Lactic Acid Level and Sodium Bicarbonate Group

We were able to check lactic acid levels at our hospital starting in May 2011, so we could diagnose lactic acidosis after that time. The plasma lactic acid level was measured using Roche/Hitachi 912/MODULAR P analyzers (ACN 040, Roche, Indianapolis, USA). We measured a follow-up lactic acid level at 24 hours after checking the initial lactic acid level.

We divided the patients into 2 groups depending on whether they received sodium bicarbonate >20 mEq during the investigational period. In addition, we selected 55 patients after excluding patients with an initial bicarbonate >20 mEq/L and SOFA score <8.0 to correct disease severity. And then we analyzed these 55 patients according to sodium bicarbonate administration.

Statistical Analysis

The data are presented as the mean ± S.D. Shapiro-Wilk goodness-of-fit model was used to assure the data normality. Survival duration data was expressed as a median value with minimum and maximum values because of their non-normal distribution. Comparisons of non-parametric data according to survival and sodium bicarbonate administration were analyzed using a Mann-Whitney U test. Fisher’s exact test was used to compare categorical data between the 2 groups. Univariate and multivariate logistic regression analysis was used to identify factors that affected mortality. The variables included age, sex, lactic acid level, follow-up lactic acid level, albumin, APACHE II score, SOFA score, ventilator care and sodium bicarbonate administration. We tested collinearity using linear regression analysis and variance inflation factor for variables was less than 10. Also we separately analyzed factors associated with mortality using three different models for logistic regression analysis because SOFA score, APACHE II score and sodium bicarbonate administration are classically collinear and potentially collinear with each other. The variables included age, sex, lactic acid level, follow-up lactic acid level, albumin, ventilator care and APACHE II score in the model 1, SOFA score in the model 2 (excluding APACHE II score), and sodium bicarbonate administration in the model 3 (excluding APACHE II score and SOFA score). The effect of sodium bicarbonate on death was analyzed by Cox regression analysis. P values <0.05 were considered to be significant. All of the statistical calculations were performed using SPSS software version 19.0 (Statistical Package for Social Science version 19.0, SPSS, Inc, an IBM Company, Chicago, Illinois, USA).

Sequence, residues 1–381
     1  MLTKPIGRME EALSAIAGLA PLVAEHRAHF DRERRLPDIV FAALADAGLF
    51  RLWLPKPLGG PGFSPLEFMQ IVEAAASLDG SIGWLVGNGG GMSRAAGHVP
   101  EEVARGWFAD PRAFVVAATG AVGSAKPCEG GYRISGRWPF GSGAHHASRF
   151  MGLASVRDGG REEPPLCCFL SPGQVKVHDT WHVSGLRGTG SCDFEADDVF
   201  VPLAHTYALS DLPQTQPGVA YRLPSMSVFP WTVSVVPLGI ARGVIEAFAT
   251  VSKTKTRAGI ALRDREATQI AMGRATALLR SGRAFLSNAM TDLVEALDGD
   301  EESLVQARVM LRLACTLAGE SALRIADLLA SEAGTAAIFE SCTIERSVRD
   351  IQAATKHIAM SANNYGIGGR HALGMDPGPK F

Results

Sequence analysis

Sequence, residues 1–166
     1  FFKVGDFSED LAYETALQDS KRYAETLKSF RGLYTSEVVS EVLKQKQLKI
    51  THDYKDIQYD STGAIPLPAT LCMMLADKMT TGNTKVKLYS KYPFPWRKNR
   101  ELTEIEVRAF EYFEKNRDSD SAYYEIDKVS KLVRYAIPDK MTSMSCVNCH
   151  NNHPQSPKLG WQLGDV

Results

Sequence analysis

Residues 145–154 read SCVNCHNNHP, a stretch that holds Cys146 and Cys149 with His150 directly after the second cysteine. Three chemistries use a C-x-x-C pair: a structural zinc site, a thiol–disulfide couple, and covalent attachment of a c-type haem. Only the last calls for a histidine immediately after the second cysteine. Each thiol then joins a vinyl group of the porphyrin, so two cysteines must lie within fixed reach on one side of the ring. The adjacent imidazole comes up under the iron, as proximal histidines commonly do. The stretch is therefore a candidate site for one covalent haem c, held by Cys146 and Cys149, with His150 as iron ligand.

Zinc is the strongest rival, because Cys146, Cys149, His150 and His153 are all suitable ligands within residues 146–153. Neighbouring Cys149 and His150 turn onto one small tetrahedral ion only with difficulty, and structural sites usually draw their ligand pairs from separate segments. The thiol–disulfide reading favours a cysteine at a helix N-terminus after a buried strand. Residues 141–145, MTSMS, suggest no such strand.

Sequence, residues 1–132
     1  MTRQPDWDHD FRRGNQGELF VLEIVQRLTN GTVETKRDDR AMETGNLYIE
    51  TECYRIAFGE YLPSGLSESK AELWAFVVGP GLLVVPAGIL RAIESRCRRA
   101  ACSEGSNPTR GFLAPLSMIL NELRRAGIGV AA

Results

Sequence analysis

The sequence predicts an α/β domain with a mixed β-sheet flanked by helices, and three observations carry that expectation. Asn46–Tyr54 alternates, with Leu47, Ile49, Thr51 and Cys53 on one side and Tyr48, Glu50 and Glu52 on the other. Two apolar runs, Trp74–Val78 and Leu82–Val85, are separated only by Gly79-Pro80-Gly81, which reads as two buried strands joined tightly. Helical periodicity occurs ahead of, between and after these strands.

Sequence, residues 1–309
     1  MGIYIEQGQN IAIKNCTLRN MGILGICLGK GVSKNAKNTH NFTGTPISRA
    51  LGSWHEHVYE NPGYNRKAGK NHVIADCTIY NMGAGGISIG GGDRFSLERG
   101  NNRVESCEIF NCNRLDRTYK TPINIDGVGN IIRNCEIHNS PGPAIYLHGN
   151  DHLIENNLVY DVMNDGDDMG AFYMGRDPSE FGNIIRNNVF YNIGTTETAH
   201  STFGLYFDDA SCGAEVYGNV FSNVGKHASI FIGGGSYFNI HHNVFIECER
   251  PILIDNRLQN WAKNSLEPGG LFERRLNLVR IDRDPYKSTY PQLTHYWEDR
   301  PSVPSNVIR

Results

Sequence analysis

Results

Patient Characteristics